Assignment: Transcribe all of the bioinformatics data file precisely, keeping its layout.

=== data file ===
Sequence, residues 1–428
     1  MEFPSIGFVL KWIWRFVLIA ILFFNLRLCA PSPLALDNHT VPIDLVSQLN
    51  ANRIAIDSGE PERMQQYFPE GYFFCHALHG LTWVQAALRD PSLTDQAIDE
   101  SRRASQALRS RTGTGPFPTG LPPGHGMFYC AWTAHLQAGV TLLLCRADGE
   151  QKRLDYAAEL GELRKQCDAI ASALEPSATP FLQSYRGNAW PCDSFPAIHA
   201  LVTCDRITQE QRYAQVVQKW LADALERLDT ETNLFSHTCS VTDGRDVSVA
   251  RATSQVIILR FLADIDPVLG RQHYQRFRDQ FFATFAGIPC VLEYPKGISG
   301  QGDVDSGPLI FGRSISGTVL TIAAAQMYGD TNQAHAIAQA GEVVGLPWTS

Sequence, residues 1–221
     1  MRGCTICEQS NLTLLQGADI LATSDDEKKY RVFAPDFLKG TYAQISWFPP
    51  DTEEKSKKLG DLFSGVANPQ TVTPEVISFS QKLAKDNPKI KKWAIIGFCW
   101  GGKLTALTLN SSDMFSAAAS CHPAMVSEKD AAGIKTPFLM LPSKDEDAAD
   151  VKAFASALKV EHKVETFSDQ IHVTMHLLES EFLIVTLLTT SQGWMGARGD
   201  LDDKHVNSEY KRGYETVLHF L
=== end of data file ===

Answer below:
Sequence, residues 1–428
     1  MEFPSIGFVL KWIWRFVLIA ILFFNLRLCA PSPLALDNHT VPIDLVSQLN
    51  ANRIAIDSGE PERMQQYFPE GYFFCHALHG LTWVQAALRD PSLTDQAIDE
   101  SRRASQALRS RTGTGPFPTG LPPGHGMFYC AWTAHLQAGV TLLLCRADGE
   151  QKRLDYAAEL GELRKQCDAI ASALEPSATP FLQSYRGNAW PCDSFPAIHA
   201  LVTCDRITQE QRYAQVVQKW LADALERLDT ETNLFSHTCS VTDGRDVSVA
   251  RATSQVIILR FLADIDPVLG RQHYQRFRDQ FFATFAGIPC VLEYPKGISG
   301  QGDVDSGPLI FGRSISGTVL TIAAAQMYGD TNQAHAIAQA GEVVGLPWTS

Sequence, residues 1–221
     1  MRGCTICEQS NLTLLQGADI LATSDDEKKY RVFAPDFLKG TYAQISWFPP
    51  DTEEKSKKLG DLFSGVANPQ TVTPEVISFS QKLAKDNPKI KKWAIIGFCW
   101  GGKLTALTLN SSDMFSAAAS CHPAMVSEKD AAGIKTPFLM LPSKDEDAAD
   151  VKAFASALKV EHKVETFSDQ IHVTMHLLES EFLIVTLLTT SQGWMGARGD
   201  LDDKHVNSEY KRGYETVLHF L